Recyclops plans to bring digital-age recycling to Albany

Recyclops, an environmental firm, is set to open in Albany. It uses the latest technology to provide affordable household recycling. (Courtesy of Recyclops/Facebook)

Credit: Recyclops/Facebook

Credit: Recyclops/Facebook

Recyclops, an environmental firm, is set to open in Albany. It uses the latest technology to provide affordable household recycling. (Courtesy of Recyclops/Facebook)

Move over, Dwight Schrute. The real Recyclops is coming to town.

Unlike the superhero character assumed by one of the TV show “The Office’s” most beloved characters, the Recyclops environmental firm set to open in Albany uses the latest technology to provide affordable household recycling for individuals who are concerned about the future of the planet.

“Recycling is so important in today’s world; it’s moved way beyond being a ‘nice thing to do,’” Recyclops Vice President of Business Development Dennis Wise said on a recent Monday morning as he prepared to board an airplane in North Carolina. “We’re at the point now where something has to be done. When you consider that it takes four times the amount of energy now to create a product vs. using recycled materials, you see the impact recycling has.

“Take that red aluminum Coca-Cola can that we’re all familiar with. It takes 95% more energy to create that can from raw material than to use recycled materials. Recycling now is not something good to do, it’s 100% necessary.”

Recyclops officials are meeting with Albany city commissioners to talk about a potential partnership with the city. But, Wise is quick to point out, it’s not the kind of partnership in which the company has an ask for the city.

“It differs from city to city and state to state, but probably the only thing we’re looking for from the city would be a place to set up an aggregation point for the recyclables we collect,” the Recyclops VP said. “Looking at the geography, we probably would take all the materials we collect to Tallahassee. What we’d need is a place for our drivers to bring their materials to.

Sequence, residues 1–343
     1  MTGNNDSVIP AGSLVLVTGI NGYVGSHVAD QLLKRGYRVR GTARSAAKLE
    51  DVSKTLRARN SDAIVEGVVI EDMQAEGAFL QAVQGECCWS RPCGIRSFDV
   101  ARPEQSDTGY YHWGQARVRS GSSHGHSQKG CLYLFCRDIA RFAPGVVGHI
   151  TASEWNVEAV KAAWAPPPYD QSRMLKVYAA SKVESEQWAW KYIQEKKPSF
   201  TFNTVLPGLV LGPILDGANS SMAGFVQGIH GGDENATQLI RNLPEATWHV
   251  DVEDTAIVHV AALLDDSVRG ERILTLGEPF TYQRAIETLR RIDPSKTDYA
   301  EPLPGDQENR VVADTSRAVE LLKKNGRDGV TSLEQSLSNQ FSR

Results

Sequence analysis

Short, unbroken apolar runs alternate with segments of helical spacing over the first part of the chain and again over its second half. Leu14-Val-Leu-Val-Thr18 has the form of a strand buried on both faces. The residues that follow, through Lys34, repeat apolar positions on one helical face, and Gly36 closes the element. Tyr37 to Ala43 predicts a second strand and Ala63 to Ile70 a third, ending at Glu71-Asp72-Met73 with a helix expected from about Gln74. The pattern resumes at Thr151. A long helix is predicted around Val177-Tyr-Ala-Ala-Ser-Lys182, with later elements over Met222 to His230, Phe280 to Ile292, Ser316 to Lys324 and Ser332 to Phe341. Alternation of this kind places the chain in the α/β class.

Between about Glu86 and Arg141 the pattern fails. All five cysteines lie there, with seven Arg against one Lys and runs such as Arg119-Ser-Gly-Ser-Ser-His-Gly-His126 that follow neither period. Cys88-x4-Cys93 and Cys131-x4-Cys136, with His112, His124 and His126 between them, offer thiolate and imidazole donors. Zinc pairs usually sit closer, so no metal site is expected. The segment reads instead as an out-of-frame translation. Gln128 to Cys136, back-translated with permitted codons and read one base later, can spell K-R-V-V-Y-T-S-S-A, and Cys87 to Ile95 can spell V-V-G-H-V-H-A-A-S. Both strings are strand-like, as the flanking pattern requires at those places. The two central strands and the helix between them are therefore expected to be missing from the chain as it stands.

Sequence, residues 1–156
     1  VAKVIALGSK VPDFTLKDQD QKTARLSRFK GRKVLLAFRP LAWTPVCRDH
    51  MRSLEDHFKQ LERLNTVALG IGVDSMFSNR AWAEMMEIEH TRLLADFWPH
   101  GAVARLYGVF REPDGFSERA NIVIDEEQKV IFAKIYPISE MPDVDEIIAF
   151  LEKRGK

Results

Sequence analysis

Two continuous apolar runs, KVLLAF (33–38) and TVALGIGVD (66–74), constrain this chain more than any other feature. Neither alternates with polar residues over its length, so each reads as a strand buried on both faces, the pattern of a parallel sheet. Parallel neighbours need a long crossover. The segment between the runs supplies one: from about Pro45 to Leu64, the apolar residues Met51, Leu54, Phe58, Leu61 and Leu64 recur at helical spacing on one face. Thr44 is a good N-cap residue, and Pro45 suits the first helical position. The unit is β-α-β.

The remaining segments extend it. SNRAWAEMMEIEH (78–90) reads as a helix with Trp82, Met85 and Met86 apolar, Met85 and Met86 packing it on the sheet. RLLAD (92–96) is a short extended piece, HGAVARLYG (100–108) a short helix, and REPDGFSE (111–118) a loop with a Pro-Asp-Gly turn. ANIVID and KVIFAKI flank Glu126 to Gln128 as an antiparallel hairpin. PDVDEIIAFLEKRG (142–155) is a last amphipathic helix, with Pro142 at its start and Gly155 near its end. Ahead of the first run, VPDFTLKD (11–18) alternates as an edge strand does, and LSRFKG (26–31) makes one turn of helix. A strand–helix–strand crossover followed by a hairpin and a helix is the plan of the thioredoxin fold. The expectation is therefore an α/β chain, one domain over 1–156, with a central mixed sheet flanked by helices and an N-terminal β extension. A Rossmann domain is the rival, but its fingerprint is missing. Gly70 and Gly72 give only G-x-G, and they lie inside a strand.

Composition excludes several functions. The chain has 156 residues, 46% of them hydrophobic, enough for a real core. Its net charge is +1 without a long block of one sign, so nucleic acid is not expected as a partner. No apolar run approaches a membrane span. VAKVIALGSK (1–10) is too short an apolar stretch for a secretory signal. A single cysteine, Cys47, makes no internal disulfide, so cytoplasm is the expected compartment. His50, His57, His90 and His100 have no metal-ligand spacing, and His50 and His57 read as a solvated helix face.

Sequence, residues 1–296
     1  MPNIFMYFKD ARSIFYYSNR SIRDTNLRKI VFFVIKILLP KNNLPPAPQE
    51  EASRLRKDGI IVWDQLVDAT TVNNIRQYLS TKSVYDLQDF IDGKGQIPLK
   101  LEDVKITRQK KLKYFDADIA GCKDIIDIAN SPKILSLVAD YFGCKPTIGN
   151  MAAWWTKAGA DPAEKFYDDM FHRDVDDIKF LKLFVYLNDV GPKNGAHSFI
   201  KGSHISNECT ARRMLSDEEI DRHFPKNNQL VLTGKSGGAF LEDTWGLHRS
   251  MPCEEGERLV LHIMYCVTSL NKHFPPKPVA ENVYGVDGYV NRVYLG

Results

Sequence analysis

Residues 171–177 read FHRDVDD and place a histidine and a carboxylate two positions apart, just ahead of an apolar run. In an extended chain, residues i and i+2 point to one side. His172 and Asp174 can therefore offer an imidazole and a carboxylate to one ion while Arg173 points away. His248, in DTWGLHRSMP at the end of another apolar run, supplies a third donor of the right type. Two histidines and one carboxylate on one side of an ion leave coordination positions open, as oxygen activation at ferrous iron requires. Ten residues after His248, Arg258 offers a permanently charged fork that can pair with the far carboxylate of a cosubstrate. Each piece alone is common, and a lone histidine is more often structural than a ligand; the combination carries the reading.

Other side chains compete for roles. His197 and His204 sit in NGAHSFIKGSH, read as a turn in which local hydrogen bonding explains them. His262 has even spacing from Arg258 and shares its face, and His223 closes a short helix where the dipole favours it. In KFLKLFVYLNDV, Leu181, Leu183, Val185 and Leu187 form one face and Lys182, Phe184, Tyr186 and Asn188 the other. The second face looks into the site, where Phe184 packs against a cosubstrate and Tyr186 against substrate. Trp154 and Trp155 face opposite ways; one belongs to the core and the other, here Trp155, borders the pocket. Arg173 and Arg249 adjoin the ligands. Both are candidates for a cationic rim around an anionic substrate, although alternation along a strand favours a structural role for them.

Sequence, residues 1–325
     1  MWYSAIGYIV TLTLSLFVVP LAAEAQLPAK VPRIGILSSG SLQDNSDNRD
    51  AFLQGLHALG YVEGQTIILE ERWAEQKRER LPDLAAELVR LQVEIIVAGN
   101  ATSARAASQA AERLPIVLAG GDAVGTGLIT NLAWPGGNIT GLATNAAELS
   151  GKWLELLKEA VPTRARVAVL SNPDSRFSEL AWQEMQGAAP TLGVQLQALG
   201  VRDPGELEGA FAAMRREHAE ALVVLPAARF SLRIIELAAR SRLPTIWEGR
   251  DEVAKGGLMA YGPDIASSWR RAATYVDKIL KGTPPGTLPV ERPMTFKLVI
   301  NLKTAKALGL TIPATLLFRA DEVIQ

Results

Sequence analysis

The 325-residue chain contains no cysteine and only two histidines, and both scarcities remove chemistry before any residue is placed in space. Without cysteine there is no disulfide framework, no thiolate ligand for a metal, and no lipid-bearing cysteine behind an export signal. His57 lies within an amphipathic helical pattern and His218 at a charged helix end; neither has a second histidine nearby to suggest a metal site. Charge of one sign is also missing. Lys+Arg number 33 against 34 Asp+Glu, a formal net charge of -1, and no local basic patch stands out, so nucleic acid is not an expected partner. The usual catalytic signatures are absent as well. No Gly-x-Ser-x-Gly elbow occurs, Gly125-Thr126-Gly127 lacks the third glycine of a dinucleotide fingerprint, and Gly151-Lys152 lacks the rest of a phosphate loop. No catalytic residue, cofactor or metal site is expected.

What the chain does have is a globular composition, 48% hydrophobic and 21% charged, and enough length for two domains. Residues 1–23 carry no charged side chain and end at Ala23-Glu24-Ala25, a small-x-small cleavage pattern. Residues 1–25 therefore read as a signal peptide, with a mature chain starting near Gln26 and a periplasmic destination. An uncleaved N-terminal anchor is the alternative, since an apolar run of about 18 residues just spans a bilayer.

“A lot of the communities we serve provide an empty lot or a similar location as an aggregation point. But we’re not asking the city for a penny.”

A flyer distributed throughout the community notes that 100 customers must sign up for Recyclops services before the company starts collecting recycled materials curbside at customers’ homes. But Wise said he’s pretty certain Albany is the kind of community that will utilize the company’s services.

“We don’t have an exact date (for the start of services in Albany), but we’ve been contacted by a number of people on our website and we’ve done our follow-up investigation,” he said. “What we’ve ascertained is that there is no other company around Albany doing what we do.”

What Recyclops does is unique in the industry. Started by company CEO Ryan Smith when he was a junior at Brigham Young University in Salt Lake City, Utah, the company now is doing business in 160 municipalities in 17 states. (Alabama, Arizona, Colorado, Florida, Georgia, Kansas, Louisiana, Michigan, Mississippi, North Carolina, Oklahoma, Ohio, South Carolina, Tennessee, Texas, Utah, Virginia and Wyoming.)

Smith said he’d been recycling all his life and found that there was no such program at BYU. So he started one in his apartment and it soon spread to other apartments. That’s when Smith, who started the business in 2012 and now is only 30, realized he’d hit on an idea whose timing was perfect for the digital age.

Using an “Uber-like model,” Recyclops pays drivers to pick up recyclable materials from customers’ homes. They deliver those goods to an aggregation site, and the materials are taken collectively to a large recycling center.

And the cost, Wise said, is relatively minimal.

“You can get our basic service and have recyclables picked up at your home every other week for just $12 a month,” he said. “We have enhanced services, but that’s up to the individual.

“We provide the bags — blue for mixed, the customers don’t have to separate, and yellow for glass — and that’s about it. There are no salesmen; customers simply go to our website ( and sign up. Customers put the materials in bags, place them on the curb for pickup, and we do the rest.”

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Credit: Albany Herald

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Credit: Albany Herald


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